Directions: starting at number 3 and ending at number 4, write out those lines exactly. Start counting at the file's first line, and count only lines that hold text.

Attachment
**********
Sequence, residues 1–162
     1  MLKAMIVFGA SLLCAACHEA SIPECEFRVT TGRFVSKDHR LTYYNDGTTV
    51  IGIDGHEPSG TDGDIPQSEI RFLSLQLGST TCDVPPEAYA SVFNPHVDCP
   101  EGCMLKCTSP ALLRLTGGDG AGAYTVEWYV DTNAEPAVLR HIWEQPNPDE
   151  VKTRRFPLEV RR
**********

    51  IGIDGHEPSG TDGDIPQSEI RFLSLQLGST TCDVPPEAYA SVFNPHVDCP
   101  EGCMLKCTSP ALLRLTGGDG AGAYTVEWYV DTNAEPAVLR HIWEQPNPDE